Friday, August 18, 2006

Post doesn't like Janey's plan, Times talks about hope

The Post editorial board is none too keen on Superintendent Janey's call for a moratorium on new charters.
THE CALL by D.C. School Superintendent Clifford B. Janey for a moratorium on new charter schools in the District is one part reasonable and one part self-serving. Taking the latter first, it's clear that charter schools have developed into a threat to the traditional school system since they were authorized by Congress 10 years ago. As Post reporter Lori Montgomery has reported, more than 17,500 students enrolled last year in charter schools. Meanwhile, enrollment in the traditional public school system has taken a nose dive, from about 80,000 students to about 58,000. The movement represents the action of parents starved for quality education who are voting on the traditional school system with their feet. If Mr. Janey's schools are unable to compete successfully with charters, whose fault is that? The proper response to fleeing families is not a moratorium but for the traditional system to start delivering on quality education.

Mr. Janey, however, is on stronger ground when he asks whether charter schools are offering a high-quality alternative. He apparently has concluded that charters don't have a handle on measuring quality and that it would be a mistake and a disservice to children to allow the creation of additional schools without having a sound method for evaluating the 51 charter schools operating in the District. His concern about the track record of charter schools is well placed, based on the experience with the 17 charters authorized and overseen by the D.C. Board of Education. Several of the school board's charters have encountered trouble, and the board -- concerned about its ability to provide proper oversight -- has imposed a moratorium on applications. A federal probe into possible misuse of charter school funds is also underway.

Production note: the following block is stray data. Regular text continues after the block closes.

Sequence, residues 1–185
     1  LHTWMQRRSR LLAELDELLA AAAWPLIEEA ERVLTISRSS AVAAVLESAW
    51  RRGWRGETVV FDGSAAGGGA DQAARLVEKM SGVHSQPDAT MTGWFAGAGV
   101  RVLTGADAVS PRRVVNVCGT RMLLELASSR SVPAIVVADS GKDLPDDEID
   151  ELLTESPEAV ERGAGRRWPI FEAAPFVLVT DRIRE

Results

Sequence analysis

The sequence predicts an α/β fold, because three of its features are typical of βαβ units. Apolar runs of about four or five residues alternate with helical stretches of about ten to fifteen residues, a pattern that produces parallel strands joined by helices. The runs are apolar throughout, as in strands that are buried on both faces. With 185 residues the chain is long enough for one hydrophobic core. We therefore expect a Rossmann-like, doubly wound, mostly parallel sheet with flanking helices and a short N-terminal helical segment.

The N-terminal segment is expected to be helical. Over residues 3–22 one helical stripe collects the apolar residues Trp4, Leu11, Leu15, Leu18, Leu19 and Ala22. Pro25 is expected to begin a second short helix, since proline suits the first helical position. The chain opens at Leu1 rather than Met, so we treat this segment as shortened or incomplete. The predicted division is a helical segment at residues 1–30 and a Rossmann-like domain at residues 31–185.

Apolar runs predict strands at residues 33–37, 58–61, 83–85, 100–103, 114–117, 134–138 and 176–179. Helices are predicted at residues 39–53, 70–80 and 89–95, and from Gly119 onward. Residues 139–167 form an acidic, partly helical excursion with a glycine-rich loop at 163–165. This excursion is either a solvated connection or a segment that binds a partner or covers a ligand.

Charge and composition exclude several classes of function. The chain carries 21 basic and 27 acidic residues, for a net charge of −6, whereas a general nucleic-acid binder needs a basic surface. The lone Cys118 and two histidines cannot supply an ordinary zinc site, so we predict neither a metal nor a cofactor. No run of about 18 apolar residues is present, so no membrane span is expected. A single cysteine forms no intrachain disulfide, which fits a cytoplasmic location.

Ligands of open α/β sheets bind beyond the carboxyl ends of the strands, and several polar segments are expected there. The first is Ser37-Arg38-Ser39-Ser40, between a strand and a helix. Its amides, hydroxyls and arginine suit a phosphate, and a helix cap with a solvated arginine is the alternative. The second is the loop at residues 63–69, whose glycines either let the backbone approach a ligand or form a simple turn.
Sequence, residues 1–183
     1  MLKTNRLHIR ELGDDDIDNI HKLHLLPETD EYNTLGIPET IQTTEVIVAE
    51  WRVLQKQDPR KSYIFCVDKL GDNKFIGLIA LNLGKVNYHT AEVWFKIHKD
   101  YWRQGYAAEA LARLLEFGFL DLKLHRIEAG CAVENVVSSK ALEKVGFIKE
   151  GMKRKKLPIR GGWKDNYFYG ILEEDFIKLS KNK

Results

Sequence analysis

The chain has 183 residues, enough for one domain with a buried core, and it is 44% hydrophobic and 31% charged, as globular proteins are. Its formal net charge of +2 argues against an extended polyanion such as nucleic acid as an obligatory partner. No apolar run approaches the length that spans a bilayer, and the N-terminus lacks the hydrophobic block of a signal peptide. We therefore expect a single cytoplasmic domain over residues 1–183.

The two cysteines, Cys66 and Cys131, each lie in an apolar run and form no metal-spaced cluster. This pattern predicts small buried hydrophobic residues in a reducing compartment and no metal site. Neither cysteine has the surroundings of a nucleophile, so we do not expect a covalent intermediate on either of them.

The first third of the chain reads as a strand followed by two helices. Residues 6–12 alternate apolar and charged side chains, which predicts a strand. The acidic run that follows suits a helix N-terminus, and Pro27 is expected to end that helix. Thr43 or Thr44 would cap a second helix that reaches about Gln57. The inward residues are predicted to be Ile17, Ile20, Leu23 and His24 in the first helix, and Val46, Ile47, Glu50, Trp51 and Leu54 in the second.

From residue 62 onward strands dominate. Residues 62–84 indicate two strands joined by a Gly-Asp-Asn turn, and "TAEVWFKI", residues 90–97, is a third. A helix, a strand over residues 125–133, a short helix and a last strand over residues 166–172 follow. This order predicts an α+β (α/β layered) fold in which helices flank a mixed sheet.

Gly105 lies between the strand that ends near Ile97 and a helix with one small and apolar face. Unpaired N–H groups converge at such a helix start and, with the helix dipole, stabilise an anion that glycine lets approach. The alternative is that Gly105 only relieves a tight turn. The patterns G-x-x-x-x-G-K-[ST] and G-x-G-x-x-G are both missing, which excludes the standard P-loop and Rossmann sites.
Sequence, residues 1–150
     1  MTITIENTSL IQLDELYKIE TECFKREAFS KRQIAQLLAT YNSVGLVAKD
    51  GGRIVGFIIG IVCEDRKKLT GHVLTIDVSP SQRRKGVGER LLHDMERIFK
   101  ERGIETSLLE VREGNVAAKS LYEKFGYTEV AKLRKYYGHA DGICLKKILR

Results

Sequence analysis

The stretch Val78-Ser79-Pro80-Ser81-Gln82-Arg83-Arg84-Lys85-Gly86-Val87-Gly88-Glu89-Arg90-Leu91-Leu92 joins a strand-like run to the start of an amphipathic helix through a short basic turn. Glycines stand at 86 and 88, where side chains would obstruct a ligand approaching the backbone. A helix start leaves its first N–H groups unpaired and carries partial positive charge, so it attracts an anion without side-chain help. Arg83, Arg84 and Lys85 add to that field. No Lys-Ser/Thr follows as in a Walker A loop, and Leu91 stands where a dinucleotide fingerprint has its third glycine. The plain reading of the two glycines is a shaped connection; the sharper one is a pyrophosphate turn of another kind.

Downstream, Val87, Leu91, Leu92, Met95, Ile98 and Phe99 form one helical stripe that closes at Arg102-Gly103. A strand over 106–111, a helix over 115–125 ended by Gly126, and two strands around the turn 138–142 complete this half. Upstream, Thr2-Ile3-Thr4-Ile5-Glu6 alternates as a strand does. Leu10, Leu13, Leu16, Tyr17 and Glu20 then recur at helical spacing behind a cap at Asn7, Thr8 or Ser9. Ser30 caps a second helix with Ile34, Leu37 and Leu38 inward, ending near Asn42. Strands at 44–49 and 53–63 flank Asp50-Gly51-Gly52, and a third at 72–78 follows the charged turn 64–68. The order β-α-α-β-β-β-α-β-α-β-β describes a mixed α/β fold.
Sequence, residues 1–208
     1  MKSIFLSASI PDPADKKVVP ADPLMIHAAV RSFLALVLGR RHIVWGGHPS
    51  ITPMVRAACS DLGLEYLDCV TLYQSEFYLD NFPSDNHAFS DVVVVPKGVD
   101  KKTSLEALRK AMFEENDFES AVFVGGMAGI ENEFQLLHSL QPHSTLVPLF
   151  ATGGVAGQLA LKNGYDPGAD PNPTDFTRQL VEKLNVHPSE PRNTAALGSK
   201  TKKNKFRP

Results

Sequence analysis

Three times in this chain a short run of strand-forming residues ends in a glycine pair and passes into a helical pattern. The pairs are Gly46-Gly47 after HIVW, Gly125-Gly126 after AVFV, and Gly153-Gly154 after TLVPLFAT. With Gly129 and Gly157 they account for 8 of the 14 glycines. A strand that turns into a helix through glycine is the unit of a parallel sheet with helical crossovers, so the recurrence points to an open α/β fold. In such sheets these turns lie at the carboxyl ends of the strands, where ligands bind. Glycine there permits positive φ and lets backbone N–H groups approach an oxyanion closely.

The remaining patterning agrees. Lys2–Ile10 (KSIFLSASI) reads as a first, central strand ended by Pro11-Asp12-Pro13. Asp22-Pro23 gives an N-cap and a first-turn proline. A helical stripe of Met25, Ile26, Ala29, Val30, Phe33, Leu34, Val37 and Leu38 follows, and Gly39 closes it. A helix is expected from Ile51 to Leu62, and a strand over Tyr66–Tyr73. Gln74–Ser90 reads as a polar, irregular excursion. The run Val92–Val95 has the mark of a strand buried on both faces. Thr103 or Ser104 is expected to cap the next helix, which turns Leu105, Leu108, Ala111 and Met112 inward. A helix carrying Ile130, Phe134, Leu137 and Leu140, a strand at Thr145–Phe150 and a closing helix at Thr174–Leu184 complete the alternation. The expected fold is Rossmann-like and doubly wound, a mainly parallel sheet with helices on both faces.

Meanwhile, over at the Times op-ed columnist Gary J. Andres is singing the praises of the District's federally funded voucher program.

No comments: